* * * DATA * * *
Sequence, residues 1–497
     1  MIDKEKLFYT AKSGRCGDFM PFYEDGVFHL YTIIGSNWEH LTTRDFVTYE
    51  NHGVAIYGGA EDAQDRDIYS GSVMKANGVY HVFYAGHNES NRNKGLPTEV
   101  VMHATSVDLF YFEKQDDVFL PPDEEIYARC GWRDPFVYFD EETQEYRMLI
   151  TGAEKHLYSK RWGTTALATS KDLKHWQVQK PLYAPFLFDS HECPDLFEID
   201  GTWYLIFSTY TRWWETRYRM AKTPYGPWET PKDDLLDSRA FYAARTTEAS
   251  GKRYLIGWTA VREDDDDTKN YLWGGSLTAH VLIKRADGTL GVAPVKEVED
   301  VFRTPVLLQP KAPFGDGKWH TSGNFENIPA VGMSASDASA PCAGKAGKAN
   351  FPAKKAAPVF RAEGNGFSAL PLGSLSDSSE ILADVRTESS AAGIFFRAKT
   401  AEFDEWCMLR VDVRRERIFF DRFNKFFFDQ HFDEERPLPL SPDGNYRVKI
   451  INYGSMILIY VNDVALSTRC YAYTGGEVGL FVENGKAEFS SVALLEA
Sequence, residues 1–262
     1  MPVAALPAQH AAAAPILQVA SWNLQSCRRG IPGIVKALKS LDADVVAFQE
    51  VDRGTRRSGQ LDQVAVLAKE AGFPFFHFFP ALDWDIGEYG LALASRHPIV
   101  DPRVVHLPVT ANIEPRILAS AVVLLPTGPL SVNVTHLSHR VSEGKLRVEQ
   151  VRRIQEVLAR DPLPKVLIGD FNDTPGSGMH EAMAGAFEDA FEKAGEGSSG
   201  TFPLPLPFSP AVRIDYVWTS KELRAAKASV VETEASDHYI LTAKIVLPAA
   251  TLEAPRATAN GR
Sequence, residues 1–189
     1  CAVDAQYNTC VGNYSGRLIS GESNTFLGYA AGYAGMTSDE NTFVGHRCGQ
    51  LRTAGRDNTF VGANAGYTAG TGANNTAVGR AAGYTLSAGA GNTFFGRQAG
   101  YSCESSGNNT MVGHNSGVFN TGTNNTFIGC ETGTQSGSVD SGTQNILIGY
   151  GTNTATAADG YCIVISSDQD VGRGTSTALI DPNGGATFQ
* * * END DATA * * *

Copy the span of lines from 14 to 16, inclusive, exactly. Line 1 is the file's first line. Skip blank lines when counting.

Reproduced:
    51  VDRGTRRSGQ LDQVAVLAKE AGFPFFHFFP ALDWDIGEYG LALASRHPIV
   101  DPRVVHLPVT ANIEPRILAS AVVLLPTGPL SVNVTHLSHR VSEGKLRVEQ
   151  VRRIQEVLAR DPLPKVLIGD FNDTPGSGMH EAMAGAFEDA FEKAGEGSSG